I thought that it might cheer me to read about people who were worse off than myself, so one of the books I added to my pre-surgical hoard was by a man who was badly injured in a car wreck. I didn’t initially notice that the author was a Southern Baptist preacher, and when I did notice, it practically soured me on the book because I hate Southern Baptists. I don’t mean that I hate everyone who is a Southern Baptist (Peggy grew up Southern Baptist, for heaven’s sakes) but that I hate the Southern Baptist institution and anyone who officially represents it.
Being a Southern Baptist in Mississippi is about as original as having brown hair. Growing up—as I did—in the Church of Christ meant something, but I never could see that growing up Baptist meant anything. It was supposed to be a religion, but Baptist kids didn't seem religious. They didn’t talk about their church; they knew little about the Bible; they didn’t make an effort to hangout with other kids who were Baptist. My assumption was that the Baptist religion was utterly boring and utterly irrelevant to anything in the real world.
As an adolescent, I was so into religion that I literally visited every denomination I could find, yet I didn’t set foot inside a Baptist Church until I married Peggy and attended with her parents a few times. Those visits confirmed my low opinion of the Baptist faith. On the surface, it was much like the Church of Christ, the biggest difference being that the Church of Christ didn’t have instrumental music; but at a deeper level, it seemed as if no one wanted to be there. They didn’t smile; they weren’t friendly. It was as if they were performing a strange kind of penance, the terms of which forbade their religion from ever containing the least thing of the least beauty to the least person for the least amount of time.
None of this made me hate Baptists. It just kept me from taking them seriously. I did observe however that Peggy’s parents and Peggy’s older sister and her family were really into the Baptist Church. The core of their faith, as near as I could understand it, was that rule number one was that you tithe, and rules number two and three were the same as rule number one. The Church of Christ stayed quiet on the subject of tithing, so this was the second obvious difference that I observed, and it made me damn glad that I hadn't grown up Baptist because my family was poor enough already.
From time to time, I talked with Peggy’s father and her sister about tithing. Her father said that you only had to do it with the money that was left over after taxes, and that you could spend the rest of your income as you pleased. I thought this sounded like the kind of Pharisaical legalism that Jesus hated, but I didn’t say anything. The sister added to my knowledge considerably by pointing to a verse in the Bible that says that however much you give to God that God will give a lot more back to you. The sister made no bones about it, she wanted to be rich, and she believed that if her family did right by God, that God would do right by her family by making them all wealthy.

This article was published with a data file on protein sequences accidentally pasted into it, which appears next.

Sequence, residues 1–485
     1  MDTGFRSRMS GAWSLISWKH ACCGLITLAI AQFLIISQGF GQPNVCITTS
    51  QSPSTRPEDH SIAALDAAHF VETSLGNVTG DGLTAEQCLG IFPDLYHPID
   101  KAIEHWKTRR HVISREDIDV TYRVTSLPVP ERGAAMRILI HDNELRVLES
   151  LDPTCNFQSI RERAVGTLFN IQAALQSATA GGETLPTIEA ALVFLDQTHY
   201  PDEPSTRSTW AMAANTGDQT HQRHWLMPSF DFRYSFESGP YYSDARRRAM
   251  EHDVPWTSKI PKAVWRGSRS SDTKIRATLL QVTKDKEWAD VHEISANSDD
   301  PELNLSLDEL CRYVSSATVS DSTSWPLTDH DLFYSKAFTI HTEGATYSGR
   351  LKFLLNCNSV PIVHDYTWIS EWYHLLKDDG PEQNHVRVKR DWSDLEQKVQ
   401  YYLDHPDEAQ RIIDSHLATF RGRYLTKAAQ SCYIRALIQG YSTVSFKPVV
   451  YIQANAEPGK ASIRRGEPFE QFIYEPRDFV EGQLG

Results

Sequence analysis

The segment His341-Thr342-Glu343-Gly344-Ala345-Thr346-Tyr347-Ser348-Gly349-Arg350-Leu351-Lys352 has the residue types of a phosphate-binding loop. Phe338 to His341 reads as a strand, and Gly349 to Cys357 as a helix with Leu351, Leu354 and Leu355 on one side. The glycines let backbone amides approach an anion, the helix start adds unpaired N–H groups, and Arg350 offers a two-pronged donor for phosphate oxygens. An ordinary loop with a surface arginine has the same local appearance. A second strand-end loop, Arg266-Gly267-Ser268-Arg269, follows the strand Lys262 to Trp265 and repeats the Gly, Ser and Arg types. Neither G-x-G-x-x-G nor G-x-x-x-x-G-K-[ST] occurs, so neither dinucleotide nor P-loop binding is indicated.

Well, this was interesting. At least, it explained why all those poor Baptists kept pouring money into the coffers of preachers who could afford a lot of things that the rank and file could not. I guess it was easier for them to stomach the preacher driving a Cadillac if they believed that God had scheduled their own Cadillacs for future delivery.
Being a man who wasn’t apt to put $10 into a church plate much less 10%, I had to give Peggy’s family credit for acting on their faith. That said, some things bothered me; they bothered me a lot. For one thing, Peggy’s family was materialistic to a degree that I had never encountered in my personal relationships. I kept wondering where they would find space for even one more gee-gaw, but they always did. There were other things too. For example, Peggy’s sister’s cats kept having kittens all over the place because, as Peggy’s sister said, she couldn’t afford to have them neutered. Yet, she could afford to put hundreds of dollars a month into the church plate. I concluded from this and other questionable behaviors that maybe tithing was a little too important to Baptists. Maybe the preachers had drilled it into them to the point that they figured it was pretty much all they had to do to please God, God being more or less like an investment banker.
Last summer, Peggy’s mother’s preacher flaked out on preaching her funeral. He didn’t have a good reason, and he didn’t even bother to tell Peggy’s father. Instead, he had his wife call Peggy’s aunt the day before the funeral and ask her to pass the word along. A Disciple of Christ minister who didn’t know Peggy’s mother ended up preaching the funeral. I returned home livid. I got the names of everyone on every rung in the ladder of the Southern Baptist hierarchy, and I wrote to all of them. That was last August, and I’m still waiting to hear back. Do you think I don’t hate the Baptist Church? I’m sixty years old, and I grew up surrounded by its warehouse-like buildings with the teeny-tiny steeples that looked like so many puny pricks, yet I can’t think of one good thing to say about it. Even shit goes to the trouble to stink; the Baptist Church just lies there odorless, awaiting delivery of its Cadillacs.